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The Secrets of the Self, by Muhammad Iqbal, tr. by Reynold A. Nicholson, [1920], at

p. 116


Showing that the purpose of the Moslem's life is to exalt the Word of Allah, and that the Jihád (war against unbelievers), if it be prompted by land-hunger, is unlawful in the religion of Islam.

Imbue thine heart with the tincture of Allah,
1320 Give honour and glory to Love!
The Moslem's nature prevails by means of love:
The Moslem, if he be not loving, is an infidel.
Upon God depends his seeing and not- seeing,
His eating, drinking, and sleeping.

p. 117

In his will that which God wills becomes lost—1325
How shall a man believe this saying?" 1
He encamps in the field of "There is no god but Allah";
In the world he is a witness against mankind.
His high estate is attested by the Prophet that was sent to men and Jinn—
By the most truthful of witnesses. 1330
Leave words and seek that spiritual state,
Shed the light of God o’er the darkness of works!
Albeit clad in kingly robe, live as a dervish,
Live wakeful and meditating on God!
Whatever thou doest, let it be thine aim therein to draw nigh to God, 1335
That His glory may be made manifest by thee.

p. 118

Peace becomes an evil, if its object be aught else;
War is good if its object is God.
If God be not exalted by our swords,
1340 War dishonours the people.
The holy Sheikh Miyán Mír Walí, 1
By the light of whose soul every hidden thing was revealed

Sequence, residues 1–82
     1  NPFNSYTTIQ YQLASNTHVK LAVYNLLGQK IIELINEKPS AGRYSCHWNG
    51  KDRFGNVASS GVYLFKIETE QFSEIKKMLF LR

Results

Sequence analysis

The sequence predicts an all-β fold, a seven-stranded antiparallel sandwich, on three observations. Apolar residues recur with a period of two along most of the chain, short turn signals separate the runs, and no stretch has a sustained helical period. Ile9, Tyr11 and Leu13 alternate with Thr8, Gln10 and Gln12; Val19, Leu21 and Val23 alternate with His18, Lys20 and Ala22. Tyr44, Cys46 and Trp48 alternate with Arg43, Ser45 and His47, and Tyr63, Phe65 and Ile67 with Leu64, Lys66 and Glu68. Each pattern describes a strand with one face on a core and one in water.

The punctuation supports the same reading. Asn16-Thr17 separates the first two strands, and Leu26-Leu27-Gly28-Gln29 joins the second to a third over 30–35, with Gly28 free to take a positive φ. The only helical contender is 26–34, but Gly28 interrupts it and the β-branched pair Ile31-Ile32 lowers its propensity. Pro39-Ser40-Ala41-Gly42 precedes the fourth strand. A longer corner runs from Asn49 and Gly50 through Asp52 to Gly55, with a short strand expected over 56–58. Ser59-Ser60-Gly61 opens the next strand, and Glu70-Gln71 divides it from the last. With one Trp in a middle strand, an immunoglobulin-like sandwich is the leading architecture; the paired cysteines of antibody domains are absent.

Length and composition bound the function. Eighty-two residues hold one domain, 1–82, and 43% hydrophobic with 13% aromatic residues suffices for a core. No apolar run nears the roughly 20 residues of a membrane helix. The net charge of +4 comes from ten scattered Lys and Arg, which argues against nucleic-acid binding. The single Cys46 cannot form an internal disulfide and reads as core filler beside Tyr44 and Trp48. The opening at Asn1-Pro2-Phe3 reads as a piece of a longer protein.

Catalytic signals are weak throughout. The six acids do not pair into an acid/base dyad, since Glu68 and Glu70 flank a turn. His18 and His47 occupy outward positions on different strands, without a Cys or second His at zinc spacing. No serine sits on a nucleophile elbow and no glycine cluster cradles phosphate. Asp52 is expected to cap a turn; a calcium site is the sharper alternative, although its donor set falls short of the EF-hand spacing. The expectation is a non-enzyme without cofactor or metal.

His feet were firmly planted on the path of Mohammed,
He was a flute for the impassioned music of love.
1345 His tomb keeps our city safe from harm
And causes the beams of true religion to shine on us.
Heaven stooped its brow to his threshold,
The Emperor of India was one of his disciples. 2
Now, this monarch had sown the seed of ambition in his heart
1350 And was resolved on conquest.

p. 119

The flames of vain desire were alight in him,
He was teaching his sword to ask, "Is there any more?" 1
In the Deccan was a great noise of war,
His army stood on the battlefield.
He went to the Sheikh of heaven-high dignity 1355
That he might receive his blessing:
The Moslem turns from this world to God
And strengthens policy with prayer.
The Sheikh made no answer to the Emperor's speech,
The assembly of dervishes was all ears, 1360
Until a disciple, in his hand a silver coin,
Opened his lips and broke the silence,
Saying, "Accept this poor offering from me,
O guide of them that have lost the way to God!

p. 120

1365 My limbs were bathed in sweat of labour
Before I put away a dirhem in my skirt."
The Sheikh said: "This money ought to be given to our Sultan,
Who is a beggar wearing the raiment of a king.
Though he holds sway over sun, moon, and stars,
1370 Our Emperor is the most penniless of mankind.
His eye is fixed on the table of strangers,
The fire of his hunger hath consumed a whole world.
His sword is followed by famine and plague,
His culture lays a wide land waste.
1375 The folk are crying out because of his indigence,
His empty-headedness, and his oppression of the weak.
His power is an enemy to all:

p. 121

Humankind are the caravan and he the brigand.
In his self-delusion and ignorance
He calls pillage by the name of empire. 1380
Both the royal troops and those of the enemy
Are cloven in twain by the sword of his hunger.
The beggar's hunger consumes his own soul,
But the sultan's hunger destroys state and religion.
Whoso shall draw the sword for anything except Allah, 1385
His sword is sheathed in his own breast."


117:1 See Introduction, xix, note 1.

118:1 A celebrated Moslem saint, who died at Lahore in a.d. 1635.

118:2 Aurangzíb.

119:1 Koran, ch. 50, v. 29.

Next: XVI. Precepts of Bábá Sahrá’í